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Arab analysts unimpressed with WikiLeaks

Arab analysts unanimously agree that the latest batch of WikiLeaks files didn't reveal anything new

Ahram Online, Tuesday 30 Nov 2010
WikiLeaks website
The WikiLeaks homepage. The whistleblower's website has revealed little that could change Arab regimes' stances. (Reuters)
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On Sunday, WikiLeaks began publishing more than 250,000 US diplomatic cables. The whistleblower's website previously released 90,000 documents detailing incidents in the Afghanistan war and, earlier this year, 400,000 significant actions reports on the Iraq war.

With the bulk of current cables dealing with Iraq, Iran, Turkey and Israel, it is surprising that none of the communiqués reveal or expose anything novel or unexpected.   

"These leaks didn’t bring anything new to the table and so won't affect the Arab regimes" was the general response by Arab political analysts.

Cables obtained by the whistleblowers made known that several Arab regimes were pressuring Washington to launch military strikes against Iran's nuclear programme. Furthermore, King Abdullah of Saudi Arabia was quoted as saying that the US should "cut off the head of the snake".

However, the thought that these revelations might make an impact on Arab regimes is "unrealistic" since regional regimes are "undemocratic and fortified by suppression", argues Hassan Nafaa, a professor of political science at Cairo University.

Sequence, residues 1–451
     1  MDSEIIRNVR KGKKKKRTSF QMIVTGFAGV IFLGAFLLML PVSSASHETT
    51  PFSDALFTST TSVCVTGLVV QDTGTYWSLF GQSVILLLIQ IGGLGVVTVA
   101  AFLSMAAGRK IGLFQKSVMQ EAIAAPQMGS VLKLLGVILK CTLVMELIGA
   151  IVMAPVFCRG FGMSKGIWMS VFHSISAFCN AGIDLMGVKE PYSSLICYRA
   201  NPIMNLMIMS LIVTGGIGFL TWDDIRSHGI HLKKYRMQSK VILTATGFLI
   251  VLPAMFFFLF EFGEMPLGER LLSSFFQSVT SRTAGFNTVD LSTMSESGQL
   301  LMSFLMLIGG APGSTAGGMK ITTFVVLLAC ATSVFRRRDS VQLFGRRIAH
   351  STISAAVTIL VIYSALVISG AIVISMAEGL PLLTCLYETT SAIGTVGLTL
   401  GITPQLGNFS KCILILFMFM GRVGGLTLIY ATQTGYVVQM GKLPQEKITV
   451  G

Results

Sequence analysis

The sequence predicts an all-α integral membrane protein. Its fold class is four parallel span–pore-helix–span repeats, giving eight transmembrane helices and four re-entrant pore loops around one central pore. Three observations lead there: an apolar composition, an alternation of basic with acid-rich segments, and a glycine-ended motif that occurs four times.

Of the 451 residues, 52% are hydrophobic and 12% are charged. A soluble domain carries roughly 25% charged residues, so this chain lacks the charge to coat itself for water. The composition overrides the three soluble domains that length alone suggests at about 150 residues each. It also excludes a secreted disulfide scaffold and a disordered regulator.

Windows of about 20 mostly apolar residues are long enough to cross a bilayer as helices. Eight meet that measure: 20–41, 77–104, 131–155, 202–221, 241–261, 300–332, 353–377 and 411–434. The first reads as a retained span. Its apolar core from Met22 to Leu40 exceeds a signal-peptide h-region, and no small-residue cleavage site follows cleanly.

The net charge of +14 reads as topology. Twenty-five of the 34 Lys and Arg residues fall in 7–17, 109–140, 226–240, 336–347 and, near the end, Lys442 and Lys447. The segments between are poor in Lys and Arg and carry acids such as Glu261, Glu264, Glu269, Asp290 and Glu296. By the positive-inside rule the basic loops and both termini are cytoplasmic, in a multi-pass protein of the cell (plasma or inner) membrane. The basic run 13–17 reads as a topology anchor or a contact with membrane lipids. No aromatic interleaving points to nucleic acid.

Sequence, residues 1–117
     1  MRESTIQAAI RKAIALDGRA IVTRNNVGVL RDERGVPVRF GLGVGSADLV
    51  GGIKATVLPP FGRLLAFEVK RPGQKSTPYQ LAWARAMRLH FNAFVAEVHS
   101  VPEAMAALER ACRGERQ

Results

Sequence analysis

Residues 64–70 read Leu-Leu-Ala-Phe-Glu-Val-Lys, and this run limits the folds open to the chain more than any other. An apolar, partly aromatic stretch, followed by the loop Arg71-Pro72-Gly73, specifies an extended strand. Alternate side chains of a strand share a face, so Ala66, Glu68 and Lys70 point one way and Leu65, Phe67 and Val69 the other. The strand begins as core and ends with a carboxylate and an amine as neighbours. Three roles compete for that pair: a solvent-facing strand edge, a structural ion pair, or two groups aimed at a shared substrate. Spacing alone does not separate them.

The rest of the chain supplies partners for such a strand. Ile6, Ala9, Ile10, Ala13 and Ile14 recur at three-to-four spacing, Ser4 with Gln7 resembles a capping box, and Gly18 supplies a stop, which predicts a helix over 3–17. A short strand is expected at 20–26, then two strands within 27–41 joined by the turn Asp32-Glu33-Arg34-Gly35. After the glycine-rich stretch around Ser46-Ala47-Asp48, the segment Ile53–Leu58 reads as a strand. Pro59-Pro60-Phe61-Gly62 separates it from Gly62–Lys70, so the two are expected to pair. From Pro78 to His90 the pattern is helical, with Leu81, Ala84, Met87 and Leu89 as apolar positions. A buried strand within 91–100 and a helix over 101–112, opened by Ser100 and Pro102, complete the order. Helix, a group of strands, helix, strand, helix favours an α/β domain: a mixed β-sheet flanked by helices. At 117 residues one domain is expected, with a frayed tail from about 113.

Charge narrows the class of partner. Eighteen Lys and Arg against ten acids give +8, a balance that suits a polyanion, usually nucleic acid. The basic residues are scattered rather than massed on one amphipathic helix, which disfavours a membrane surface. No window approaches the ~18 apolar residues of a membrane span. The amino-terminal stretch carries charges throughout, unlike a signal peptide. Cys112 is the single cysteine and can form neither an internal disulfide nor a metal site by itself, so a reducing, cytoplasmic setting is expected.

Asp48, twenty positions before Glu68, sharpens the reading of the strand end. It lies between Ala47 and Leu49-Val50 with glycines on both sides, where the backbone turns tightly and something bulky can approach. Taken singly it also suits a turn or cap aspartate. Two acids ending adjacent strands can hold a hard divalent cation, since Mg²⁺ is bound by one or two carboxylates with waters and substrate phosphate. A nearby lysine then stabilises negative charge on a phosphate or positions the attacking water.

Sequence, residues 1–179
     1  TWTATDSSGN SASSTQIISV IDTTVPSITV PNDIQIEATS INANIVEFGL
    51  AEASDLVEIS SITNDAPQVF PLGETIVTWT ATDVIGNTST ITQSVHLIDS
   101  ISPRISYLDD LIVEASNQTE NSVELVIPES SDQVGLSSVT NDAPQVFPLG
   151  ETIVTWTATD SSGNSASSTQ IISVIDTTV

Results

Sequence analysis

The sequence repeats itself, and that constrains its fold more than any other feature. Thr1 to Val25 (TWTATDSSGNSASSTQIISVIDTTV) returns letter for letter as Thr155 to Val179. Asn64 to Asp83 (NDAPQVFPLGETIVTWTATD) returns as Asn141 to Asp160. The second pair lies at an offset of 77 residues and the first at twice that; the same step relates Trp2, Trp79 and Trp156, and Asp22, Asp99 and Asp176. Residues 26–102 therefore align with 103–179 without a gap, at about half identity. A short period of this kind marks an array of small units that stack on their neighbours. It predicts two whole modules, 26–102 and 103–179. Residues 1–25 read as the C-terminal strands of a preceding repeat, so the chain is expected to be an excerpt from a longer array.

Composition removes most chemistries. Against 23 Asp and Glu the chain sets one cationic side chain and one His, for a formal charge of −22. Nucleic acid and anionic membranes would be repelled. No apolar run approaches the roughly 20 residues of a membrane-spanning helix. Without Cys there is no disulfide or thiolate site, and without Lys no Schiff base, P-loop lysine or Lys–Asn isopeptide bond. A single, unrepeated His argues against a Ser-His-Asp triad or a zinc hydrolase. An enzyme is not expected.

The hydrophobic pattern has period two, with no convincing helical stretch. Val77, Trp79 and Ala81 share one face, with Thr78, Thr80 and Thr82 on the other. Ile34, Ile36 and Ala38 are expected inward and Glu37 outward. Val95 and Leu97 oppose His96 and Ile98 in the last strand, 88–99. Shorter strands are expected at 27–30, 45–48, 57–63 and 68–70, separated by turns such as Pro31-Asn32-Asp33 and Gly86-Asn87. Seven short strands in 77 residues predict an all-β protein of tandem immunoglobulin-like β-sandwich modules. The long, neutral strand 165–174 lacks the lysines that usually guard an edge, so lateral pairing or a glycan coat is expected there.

He asserted that "the leaks proved the growing credibility of political analysis which has become more widespread."

"What is new is that emergent trends which consider these regimes agents of and collaborators with the West – in opposition to their own people's interests – will intensify more and more."

Awad Al-Karim Al-Karsny, a Sudanese political expert agreed, saying, "Iran will not increase the peoples' hatred of their leaders; moreover, I do not expect any positive steps by regime officials."

"In order to see the real impact of these leaks, Arab societies would need to enjoy true democracy, which does not actually exist except in the context of elites. This isn't the case in the West, where democracy involves active participation by its people."

"What will most likely happen is that Arab politicians will be more careful when dealing and talking with their American counterparts", declares Khalid Al- Dakhil, professor of sociology in Saudi Arabia.

He continued, "The question we have to ask is why now?"

"The documents don’t affect (Barak) Obama's administration, but the leaks have put him in the midst of 'chaos'."

Al-Dakhil concludes that the purpose of this diversion is to "staple" the Obama administration onto the problem and recreate the stereotype that "Republicans are more keen on security issues" than Democrats.

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